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The effects of community pharmacy public health interventions on health and health inequalities

Lookup NU author(s): Professor Adam ToddORCiD, Dr Frances Hillier-Brown, Dr Katie ThomsonORCiD, Nick WaltonORCiD, Professor Clare BambraORCiD



This is the authors' accepted manuscript of a conference proceedings (inc. abstract) that has been published in its final definitive form by Oxford Academic, 2017.

For re-use rights please refer to the publisher's terms and conditions.


BackgroundCommunity pharmacies have been identified globally as an easily accessible and cost-effective platform for delivering services aimed at promoting health and preventing disease. In the light of a rapid increase in community pharmacy delivered public health services and an accompanying increase in the evidence-base, this umbrella review aimed to synthesise systematic reviews of community pharmacy public health interventions and assess their effects on population health and health inequalities.MethodsSystematic review methodology was used to used to locate, appraise and synthesise published systematic review level evidence on the effects of community pharmacy delivered interventions on health and inequalities in health. Twenty databases were searched from the start date until January 2017. The quality of the included articles was determined using the Assessment of Multiple Systematic Reviews tool (AMSTAR). Primary outcomes were conceptualised according to he Hardeman framework, and included determinants of behaviour, behavioural outcomes, physiology and biochemical outcomes, and health outcomes.ResultsTwelve systematic reviews met the inclusion criteria, and were included within the Umbrella review. The reviews summarised evidence from a variety of different community pharmacy delivered interventions including those targeting smoking, obesity, alcohol misuse, cardiovascular disease, sexual health, and cancer. Results were mixed and reviews were generally of low quality; however, there is some evidence to suggest community pharmacy delivered interventions are more effective when compared to usual care (a non-active control), although there was minimal evidence related to how such interventions target different populations and, accordingly, how they impact on inequalities in health.ConclusionsThis umbrella review has identified several community pharmacy public health interventions that could be delivered to improve health.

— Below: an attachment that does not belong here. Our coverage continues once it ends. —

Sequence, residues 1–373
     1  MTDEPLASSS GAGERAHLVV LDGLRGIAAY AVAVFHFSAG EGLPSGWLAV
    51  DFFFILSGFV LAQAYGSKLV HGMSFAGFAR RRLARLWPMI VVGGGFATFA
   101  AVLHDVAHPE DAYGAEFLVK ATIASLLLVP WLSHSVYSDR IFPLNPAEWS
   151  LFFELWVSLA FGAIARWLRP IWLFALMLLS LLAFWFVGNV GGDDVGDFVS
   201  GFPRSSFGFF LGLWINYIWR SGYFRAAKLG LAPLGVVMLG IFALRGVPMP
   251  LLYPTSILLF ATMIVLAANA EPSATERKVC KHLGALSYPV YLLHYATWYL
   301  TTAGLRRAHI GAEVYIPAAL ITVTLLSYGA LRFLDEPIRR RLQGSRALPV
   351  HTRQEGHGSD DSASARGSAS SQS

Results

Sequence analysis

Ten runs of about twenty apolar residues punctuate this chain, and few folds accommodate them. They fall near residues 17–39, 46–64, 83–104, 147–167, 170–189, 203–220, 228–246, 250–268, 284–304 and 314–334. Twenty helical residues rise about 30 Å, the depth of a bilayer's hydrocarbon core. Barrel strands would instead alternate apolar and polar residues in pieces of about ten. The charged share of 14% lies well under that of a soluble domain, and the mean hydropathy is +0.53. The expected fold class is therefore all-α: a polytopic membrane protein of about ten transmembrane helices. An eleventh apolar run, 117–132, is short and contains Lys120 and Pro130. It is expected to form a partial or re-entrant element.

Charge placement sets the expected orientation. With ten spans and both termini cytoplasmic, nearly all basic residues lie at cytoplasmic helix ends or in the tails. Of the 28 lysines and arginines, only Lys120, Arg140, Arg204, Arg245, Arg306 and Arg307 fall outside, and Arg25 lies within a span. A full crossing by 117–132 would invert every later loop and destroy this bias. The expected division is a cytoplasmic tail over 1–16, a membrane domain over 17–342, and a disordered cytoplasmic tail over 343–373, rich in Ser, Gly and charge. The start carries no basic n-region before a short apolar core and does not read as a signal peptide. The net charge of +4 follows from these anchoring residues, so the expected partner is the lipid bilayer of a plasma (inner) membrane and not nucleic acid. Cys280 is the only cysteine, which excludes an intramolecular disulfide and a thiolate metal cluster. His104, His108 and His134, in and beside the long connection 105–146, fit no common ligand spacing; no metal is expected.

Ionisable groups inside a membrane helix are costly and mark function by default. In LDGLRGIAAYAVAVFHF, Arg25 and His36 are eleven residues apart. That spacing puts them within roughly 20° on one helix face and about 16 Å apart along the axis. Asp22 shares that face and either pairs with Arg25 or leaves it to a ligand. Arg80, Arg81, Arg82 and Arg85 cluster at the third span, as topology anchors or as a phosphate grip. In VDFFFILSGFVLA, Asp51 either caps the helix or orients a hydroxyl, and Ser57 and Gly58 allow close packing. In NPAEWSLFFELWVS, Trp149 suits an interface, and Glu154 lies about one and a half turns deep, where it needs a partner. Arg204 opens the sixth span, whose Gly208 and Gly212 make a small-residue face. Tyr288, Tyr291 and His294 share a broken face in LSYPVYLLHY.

Publication metadata

Author(s): Todd A, Hillier-Brown F, Thomson K, Balaj M, Walton N, Bambra C

Publication type: Conference Proceedings (inc. Abstract)

Publication status: Published

Conference Name: 10th European Public Health Conference

Year of Conference: 2017

Pages: 72

Online publication date: 20/10/2017

Acceptance date: 20/10/2017

Date deposited: 12/07/2019

Publisher: Oxford Academic


DOI: 10.1093/eurpub/ckx187.186

Series Title: European Journal of Public Health